I'm sharing my travel experiences, candid opinions and what's on my mind. If you think it's inappropriate for a travel writer to stir up discussion on his blog with political observations and insights gained from traveling abroad, you may not want to read any further. — Rick
I know, those little touristy choo-choo trains you see all over Europe are tacky. But they are cheap and easy: You can just hop on, pay the driver, enjoy a (skimpy) recorded narrative in English, and get to places you wouldn’t want to trek to on your own. Here in Collioure, in southern France, I hopped on one to get out of town and up to a little castle overlooking the coast. (You never know who you’ll be sitting next to on these little trains. Here in France…it just might be a little pooch.)
By the way, here, as in so many cases, you’ll be given cheap little disposable earbuds to hear the audio. If there’s a standard jack, you can get better sound (and a longer cord) by using your own earbuds instead. In museums, audio tours are more and more common and, rather than holding the “wand” to my ear for an hour, with my own buds I can be more comfortable and hear better. And if you have a splitter, you and your travel partner can share — cutting your costs by 50 percent.
Stow a set of buds (a pair that fits into a standard headphone jack — not the kind that plugs into an iPhone’s Lightning connector) and a splitter in your day bag. They’ll come in handy more than you imagine.
Surveying this touristy town, we were very happy with the variety of great-value restaurants we recommend in the book. As usual, our favorites are personality-driven. Here at Restaurant L’Escargot, the owner, Thomas, is hustling all night serving his diners. Our challenge is not only to find the good places but to describe each restaurant vividly, so our readers can choose smartly. Eating, soaking the experience in good wine, making friends with the proprietors, and taking notes…it’s tough work, but we manage.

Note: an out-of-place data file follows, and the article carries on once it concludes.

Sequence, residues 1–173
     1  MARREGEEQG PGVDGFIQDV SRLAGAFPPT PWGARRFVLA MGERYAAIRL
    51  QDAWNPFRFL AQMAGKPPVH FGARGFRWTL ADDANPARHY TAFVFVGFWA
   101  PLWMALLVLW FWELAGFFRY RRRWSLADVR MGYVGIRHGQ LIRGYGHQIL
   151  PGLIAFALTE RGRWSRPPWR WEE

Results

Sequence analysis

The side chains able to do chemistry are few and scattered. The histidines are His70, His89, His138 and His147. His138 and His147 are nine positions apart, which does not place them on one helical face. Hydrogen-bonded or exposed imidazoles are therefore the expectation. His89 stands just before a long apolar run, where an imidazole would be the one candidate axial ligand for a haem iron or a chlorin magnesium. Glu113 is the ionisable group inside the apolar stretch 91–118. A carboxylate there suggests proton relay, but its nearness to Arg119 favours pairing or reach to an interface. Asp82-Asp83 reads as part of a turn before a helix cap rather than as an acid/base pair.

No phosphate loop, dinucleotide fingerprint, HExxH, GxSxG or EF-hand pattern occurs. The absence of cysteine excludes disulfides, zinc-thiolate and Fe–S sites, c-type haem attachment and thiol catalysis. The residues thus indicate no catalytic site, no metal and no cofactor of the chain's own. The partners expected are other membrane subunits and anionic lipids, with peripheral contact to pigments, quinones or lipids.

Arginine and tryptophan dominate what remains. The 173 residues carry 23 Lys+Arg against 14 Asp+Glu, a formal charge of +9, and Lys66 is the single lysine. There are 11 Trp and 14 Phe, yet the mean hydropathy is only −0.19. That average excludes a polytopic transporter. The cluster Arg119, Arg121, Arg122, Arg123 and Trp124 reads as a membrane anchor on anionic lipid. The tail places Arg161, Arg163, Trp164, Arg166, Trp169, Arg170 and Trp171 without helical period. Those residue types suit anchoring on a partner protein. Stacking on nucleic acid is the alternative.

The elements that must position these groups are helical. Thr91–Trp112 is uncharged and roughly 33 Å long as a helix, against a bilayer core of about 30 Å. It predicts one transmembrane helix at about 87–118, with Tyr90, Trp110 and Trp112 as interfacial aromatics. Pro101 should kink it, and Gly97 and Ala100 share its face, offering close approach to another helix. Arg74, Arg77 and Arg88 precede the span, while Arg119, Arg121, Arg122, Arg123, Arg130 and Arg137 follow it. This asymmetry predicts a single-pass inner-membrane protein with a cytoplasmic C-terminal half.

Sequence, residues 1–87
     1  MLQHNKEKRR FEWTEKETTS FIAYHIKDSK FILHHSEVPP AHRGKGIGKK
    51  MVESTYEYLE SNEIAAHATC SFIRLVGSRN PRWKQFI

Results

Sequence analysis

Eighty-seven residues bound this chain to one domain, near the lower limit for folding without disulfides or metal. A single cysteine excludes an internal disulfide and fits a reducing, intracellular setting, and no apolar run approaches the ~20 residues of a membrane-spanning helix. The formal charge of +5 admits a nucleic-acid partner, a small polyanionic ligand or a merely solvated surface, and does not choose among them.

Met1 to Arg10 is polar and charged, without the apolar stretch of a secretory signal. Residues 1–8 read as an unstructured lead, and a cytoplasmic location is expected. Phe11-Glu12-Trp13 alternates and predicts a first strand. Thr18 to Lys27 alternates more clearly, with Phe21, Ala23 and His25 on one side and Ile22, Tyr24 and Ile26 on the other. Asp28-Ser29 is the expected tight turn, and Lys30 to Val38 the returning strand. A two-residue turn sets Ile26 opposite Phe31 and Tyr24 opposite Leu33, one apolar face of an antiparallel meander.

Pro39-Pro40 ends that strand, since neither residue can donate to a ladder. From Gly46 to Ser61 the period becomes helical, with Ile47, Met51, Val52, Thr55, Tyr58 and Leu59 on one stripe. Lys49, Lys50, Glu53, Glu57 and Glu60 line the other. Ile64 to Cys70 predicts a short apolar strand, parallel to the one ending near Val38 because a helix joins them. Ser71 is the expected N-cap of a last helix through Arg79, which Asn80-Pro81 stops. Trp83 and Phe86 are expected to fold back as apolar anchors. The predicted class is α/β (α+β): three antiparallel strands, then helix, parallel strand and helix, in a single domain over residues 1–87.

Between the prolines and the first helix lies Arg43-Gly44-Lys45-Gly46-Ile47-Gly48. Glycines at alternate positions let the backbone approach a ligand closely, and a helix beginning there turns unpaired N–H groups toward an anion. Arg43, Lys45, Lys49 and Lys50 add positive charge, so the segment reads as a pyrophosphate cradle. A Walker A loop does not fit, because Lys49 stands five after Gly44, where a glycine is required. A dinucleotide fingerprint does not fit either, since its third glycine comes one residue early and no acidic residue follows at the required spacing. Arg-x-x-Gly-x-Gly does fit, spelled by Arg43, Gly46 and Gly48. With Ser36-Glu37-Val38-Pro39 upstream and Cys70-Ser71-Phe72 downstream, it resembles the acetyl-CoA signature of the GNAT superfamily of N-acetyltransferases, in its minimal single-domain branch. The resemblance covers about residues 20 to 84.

After dinner, we got to meet Thomas’ mother and father. They were proud of their son, and we were thankful for his cooking.
Romanity! It’s Roman humanity, and there’s a shiny new museum about just that in Nîmes: The Museum of Romanity is opening on June 2, and I got a sneak preview (shared in this clip). I’ve never seen southern Europeans scramble so hard — because in a few weeks, it’s the grand opening.
Nîmes is famed for its ancient ruins but, until now, it had no appropriate museum. This is big news. Wandering the unfinished rooms of this museum, I was thinking about how Europe loves to invest in — and share — its heritage, and how it’s the world’s heritage, too. When you pay $10 to go into a great museum, remember what it takes to make that experience possible.
Bonjour! It’s Day 22 of my 100-day trip to Europe, and I’m in Provence, France. Each city here has a great market hall, and Les Halles de Nîmes has a special extra touch: The merchants’ names and photos are hanging from the ceiling. In this clip, with my good local guide Silvie, I share a special budget tip: Eat at the diners in the markets — the quality is great, prices are amazing, and you might even meet a politician trying to win your vote.
The south of France is so comfortable in May (no crowds, great weather). Expensive? $100 hotel doubles, $10 lunches, and lots of free fun if you know how to travel. Tips? You’ll find about 600 pages of them in the Rick Steves guidebook for this corner of Europe.
Waking up with the church bells in Arles is a fine start to another Provence day in the south of France. I just had to share my groggy stream of unconsciousness…the smell of the sheets (Who slept here?), that lovely confusion before you first open your eyes (Where am I?). Then, throw open the shades and greet the world — it’s Provence!
When on the road (and traveling well), each day is a cornucopia of learning, images, people, new ideas, and memories. Inspired by this hotel balcony view, I’ll slog happily through another day of research to make ourRick Steves’ France guidebook work even better for our travelers.